(6) The reasons why Cuba, Puerto Rico, and the Floridas didn't
revolt should provide us with some clues, if not answers, to these
(7) Within the areas that became independent, some Spanish Americans
fought to defend the Crown while others fought to eject
the Crown. This
division into loyalists and rebels differed by region, social class, and time. Thus, we
have to examine the
events of at
least 1808-1825 to understand the cause(s) of independence.
(8) Since we know that large numbers of Spaniards and Spanish
Americans not only did not favor the break with Spain but also
fought to prevent
such a break, must we inquire into the military/logistical problem of Spain--the effects
of size, distance,
systems, weaponry, communications, policy and role of foreign powers, and the general
In a mid-point summary, we can assert that some Spanish-Americans
availed themselves of the opportunities presented during the Imperial Crisis and the
Napoleonic Wars to sever or begin to sever their ties with the Spanish monarch, and, in
the face military action by loyalists and Spanish forces, fought to obtain and preserve
this independence, actions which were largely successful by 1825 in almost the whole of
We can assort that it was British policy not to allow Spain to
reconquer her former colonies and that this policy, backed by British might, played an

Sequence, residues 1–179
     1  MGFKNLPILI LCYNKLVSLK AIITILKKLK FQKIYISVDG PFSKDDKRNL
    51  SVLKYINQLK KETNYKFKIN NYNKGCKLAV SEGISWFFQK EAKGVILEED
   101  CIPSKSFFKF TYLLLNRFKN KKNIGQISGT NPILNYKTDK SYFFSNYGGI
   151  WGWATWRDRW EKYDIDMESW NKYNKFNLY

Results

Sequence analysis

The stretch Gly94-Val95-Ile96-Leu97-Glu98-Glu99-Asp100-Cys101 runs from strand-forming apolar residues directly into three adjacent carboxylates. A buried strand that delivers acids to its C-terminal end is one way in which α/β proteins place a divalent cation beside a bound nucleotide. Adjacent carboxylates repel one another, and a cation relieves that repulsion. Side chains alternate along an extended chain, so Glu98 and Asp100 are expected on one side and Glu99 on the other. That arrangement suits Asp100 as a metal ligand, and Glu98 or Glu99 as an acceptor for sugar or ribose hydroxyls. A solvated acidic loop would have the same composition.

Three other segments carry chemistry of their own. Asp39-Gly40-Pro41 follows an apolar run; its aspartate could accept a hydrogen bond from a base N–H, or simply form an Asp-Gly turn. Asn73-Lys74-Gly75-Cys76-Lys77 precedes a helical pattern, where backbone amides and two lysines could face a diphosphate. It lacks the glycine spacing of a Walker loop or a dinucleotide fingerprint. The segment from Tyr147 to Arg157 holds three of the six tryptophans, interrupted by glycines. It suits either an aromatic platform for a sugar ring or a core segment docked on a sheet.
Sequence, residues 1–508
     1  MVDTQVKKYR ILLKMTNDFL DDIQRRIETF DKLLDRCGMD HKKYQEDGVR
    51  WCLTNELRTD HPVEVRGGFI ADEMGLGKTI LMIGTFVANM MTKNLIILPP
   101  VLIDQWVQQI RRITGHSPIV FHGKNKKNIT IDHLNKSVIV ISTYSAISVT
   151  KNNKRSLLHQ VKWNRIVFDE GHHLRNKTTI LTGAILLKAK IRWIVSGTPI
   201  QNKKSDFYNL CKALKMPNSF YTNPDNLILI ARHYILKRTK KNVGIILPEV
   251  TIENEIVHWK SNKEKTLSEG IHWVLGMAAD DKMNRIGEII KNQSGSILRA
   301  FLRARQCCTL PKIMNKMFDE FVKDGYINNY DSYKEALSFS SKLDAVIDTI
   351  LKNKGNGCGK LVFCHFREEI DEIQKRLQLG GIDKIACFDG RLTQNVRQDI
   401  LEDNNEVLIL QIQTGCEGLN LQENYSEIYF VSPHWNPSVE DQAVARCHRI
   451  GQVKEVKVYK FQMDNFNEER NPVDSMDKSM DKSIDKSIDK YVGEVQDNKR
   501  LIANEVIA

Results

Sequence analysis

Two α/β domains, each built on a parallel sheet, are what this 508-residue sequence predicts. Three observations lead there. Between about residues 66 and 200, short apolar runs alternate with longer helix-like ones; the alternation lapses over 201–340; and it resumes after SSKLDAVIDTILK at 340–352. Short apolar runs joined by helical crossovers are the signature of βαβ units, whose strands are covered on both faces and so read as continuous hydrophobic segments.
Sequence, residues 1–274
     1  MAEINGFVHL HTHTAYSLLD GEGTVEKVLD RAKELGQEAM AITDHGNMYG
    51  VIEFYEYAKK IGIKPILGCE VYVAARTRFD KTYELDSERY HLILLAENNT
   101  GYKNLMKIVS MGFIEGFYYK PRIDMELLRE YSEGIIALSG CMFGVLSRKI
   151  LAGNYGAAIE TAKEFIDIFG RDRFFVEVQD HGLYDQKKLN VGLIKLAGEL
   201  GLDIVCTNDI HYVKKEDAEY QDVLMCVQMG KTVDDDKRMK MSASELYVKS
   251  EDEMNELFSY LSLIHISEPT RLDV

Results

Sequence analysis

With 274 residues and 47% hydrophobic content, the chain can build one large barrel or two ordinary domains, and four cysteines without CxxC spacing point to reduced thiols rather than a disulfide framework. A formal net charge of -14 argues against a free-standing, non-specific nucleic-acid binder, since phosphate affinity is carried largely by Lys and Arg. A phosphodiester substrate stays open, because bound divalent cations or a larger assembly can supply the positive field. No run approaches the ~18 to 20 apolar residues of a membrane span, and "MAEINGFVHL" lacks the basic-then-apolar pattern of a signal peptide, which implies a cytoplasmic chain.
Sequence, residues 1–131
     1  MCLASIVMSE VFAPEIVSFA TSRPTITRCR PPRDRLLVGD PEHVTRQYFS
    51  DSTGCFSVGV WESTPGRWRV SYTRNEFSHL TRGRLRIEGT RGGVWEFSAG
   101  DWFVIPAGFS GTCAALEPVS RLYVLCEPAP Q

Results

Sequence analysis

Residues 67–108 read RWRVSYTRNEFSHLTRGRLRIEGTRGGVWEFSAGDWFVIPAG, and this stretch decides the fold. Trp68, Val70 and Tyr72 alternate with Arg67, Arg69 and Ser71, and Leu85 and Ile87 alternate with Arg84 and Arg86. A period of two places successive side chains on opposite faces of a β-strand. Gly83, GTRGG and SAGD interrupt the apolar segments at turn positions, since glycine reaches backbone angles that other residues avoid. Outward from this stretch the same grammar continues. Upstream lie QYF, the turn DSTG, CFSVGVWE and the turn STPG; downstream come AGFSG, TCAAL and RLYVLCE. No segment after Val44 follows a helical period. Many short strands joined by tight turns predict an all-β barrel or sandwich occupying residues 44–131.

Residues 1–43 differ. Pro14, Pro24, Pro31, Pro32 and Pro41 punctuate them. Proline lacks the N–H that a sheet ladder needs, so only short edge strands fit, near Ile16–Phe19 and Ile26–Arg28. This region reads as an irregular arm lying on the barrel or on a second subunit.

important role in independence.
If we look at the course of the independence movements (which we
aren't doing in this essay), we can assert that Buenos Aires and its hinterland achieved
independence early and relatively easily, that northern South America suffered brutal,
devastating, and lengthy wars before independence was achieved, and that the first Mexican
independence movement (Hidalgo and his successors) was crushed by creole and peninsular
Spaniards whereas the second movement (Iturbide) came rapidly, bloodlessly, and with the
support of the upper classes. Central America and other places got independence by
We can assert that the wars themselves (both the European wars and
the civil wars in the New World) offered colonials the opportunities to manage their own
affairs and that many of them took those opportunities.
We can also assert that Spanish America and Spain had gone through
other colonial wars, especially in the 18th century, without attempts at independence.
Thus, we have to be able to explain:
(1) the Imperial Crisis-why the events were a crisis of the Empire.
(2) why some creoles exploited the crisis to effect independence.
(3) why Spain was unable to reconquer the empire she was losing.
This exercise in the problems of causation and historical
explanation does not provide the answers that some students expect to be dictated to them.
It is not designed to do that. It is simply to encourage you to think about historical
causation and develop a better of sense of what historical causes are.
A basic source for the movements for independence throughout Spanish
America is John Lynch, The
Spanish American Revolution 1808-1826.
You can read about this and other topics in colonial Latin American history by buying and reading
Colonial Latin America by Don Mabry.
Click on the book cover or the title to go to Llumina Press.